Build audience for your book before its release

The key to successful marketing begins long before you actually publish your first book. This should be done to build an audience for your book, so once it’s released you have some potential readers and buyers who can give it traction on a bestsellers chart at and who can potentially write some reviews of it. After you’ve sent off the manuscript to be edited or formatted, use the down time to develop this promotional material.

Begin with a blog. This is your “headquarters” from which you make forays into other social media. It also provides a place for other Internet travelers interested in your book topic to stop at. Make the blog not about your book but about your book’s topic. So, if you wrote a novel about a Beatles fan, make the blog about the Beatles. If you wrote a nonfiction book about the history of SETI (the Search for Extraterrestrial Life), make the blog about the broader topic of astrobiology. Aim to write 2-3 blog entries a week, always published at the same day and time each week.

After you’ve written a few blog entries, start working with other social media. Generally, the big social media players that you’ll want to eventually use include Twitter, Goodreads, LinkedIn, Facebook, Google+, Pinterest and Instagram. Don’t overwhelm yourself by doing all of them. Instead select the one that best matches what your book will be about. If you wrote a novel, for example, do Goodreads first. If you wrote a book about running or leading a business, go with LinkedIn. If you wrote a travel guidebook, opt for Pinterest or Instagram.

Suppose you go with Twitter first. Once you’ve set up your Twitter page, tweet your blog entries, retweet other people’s tweets that relate to your book’s topic, and (most importantly) follow those people whose tweets you’ve retweeted. By doing this, you’ll soon see your list of followers as well as visitors to your blog grow. Spend just five minutes a day doing this.

After a couple of weeks, add another social media site to your repertoire. Follow the same process as you did with Twitter – post entries about your blog, repost others’ posts, and follow or friend those people you’ve reposted. If Goodreads wasn’t your first social media selection to try, I’d recommend making it No. 2; if Goodreads was No. 1, go with Twitter here. Again, limit yourself to just five minutes a day.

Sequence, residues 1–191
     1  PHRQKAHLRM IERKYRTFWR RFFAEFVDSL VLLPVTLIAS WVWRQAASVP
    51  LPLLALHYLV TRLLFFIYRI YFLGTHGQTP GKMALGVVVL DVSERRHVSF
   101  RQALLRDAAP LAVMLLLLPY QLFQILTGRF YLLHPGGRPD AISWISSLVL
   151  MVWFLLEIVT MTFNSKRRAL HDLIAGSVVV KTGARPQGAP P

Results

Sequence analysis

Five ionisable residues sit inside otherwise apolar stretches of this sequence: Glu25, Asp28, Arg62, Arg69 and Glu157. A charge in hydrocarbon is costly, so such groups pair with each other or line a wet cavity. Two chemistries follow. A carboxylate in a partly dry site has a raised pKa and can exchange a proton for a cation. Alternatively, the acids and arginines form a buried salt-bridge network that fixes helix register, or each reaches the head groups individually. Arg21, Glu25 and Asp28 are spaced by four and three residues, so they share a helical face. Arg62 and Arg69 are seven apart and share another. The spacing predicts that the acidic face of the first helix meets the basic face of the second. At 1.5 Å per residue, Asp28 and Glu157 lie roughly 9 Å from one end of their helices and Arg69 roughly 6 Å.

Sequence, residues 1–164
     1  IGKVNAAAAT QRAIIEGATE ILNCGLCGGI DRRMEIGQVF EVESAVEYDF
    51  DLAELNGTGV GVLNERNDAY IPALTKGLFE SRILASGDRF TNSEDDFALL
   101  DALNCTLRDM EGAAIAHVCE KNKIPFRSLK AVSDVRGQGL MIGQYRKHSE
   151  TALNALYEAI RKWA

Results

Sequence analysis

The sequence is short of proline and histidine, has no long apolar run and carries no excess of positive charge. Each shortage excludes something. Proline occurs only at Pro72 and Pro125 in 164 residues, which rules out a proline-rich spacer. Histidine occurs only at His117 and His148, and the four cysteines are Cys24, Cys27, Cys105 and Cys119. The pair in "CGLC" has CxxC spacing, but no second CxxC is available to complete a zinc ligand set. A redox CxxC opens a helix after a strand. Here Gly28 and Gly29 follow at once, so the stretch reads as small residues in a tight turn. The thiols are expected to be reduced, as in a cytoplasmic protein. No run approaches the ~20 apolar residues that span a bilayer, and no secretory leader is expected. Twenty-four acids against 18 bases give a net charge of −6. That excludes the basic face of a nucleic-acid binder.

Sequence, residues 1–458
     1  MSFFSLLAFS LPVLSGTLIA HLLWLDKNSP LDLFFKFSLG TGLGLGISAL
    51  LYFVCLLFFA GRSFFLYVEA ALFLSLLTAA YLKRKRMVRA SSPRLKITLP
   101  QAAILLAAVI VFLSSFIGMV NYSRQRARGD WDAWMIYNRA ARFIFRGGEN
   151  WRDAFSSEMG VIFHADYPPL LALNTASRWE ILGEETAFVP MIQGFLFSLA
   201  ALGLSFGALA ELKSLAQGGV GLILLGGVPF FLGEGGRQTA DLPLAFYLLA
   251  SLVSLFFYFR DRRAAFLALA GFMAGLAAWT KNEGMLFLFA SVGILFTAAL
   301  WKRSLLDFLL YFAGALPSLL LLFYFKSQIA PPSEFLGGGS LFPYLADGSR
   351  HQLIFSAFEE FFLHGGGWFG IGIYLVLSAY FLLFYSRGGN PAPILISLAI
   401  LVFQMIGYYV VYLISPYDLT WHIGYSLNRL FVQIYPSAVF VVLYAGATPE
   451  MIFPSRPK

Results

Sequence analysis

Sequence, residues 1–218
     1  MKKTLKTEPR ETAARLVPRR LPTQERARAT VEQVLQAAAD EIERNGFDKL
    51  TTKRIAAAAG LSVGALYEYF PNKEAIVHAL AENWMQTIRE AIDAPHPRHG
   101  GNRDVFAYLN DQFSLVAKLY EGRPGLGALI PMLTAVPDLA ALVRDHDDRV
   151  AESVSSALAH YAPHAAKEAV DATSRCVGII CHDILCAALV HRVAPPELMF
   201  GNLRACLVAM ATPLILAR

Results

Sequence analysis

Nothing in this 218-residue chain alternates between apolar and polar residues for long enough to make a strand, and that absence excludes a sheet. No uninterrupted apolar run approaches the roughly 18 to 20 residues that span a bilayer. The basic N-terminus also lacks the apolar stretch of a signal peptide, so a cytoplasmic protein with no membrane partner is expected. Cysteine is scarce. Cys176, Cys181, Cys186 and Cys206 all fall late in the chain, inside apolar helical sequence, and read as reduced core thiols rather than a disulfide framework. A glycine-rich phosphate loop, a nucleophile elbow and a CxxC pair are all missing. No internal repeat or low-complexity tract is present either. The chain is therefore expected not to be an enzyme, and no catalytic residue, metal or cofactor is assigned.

In a couple of weeks after that, expand to a new social media site, and keep repeating this process until you’re using all of the social media that you think will work for you.

Once your book is about to be released, use your blog to announce it. Don’t turn your blog into nothing more than ad for your book, however; just weave in entries about the book among other entries about the blog’s broader topic. When the book is released, announce it again on your blog. If you utilize free promotions and other efforts at Kindle or Goodreads, announce those as well. These blog entries about your book are then shared with your friends and followers that you’ve built up on your social media sites.

When the book is released, you should seriously consider simultaneously launching a website, which tells about you the book, about you the author, has links to all of your social media sites (readers have their favorites) including your blog, and perhaps add an excerpt from your book or an interviews with you the author. There’s no need to create a website that tells about a book that hasn’t been released, though you’ll want to develop it in advance of that date.

Once the book is out, then you can go on the next step of sending press releases to traditional media and other bloggers, as well as setting up book readings/signings. Again, you’ll want to create those materials before the release date, but they don’t go out to the public until you’ve released the book.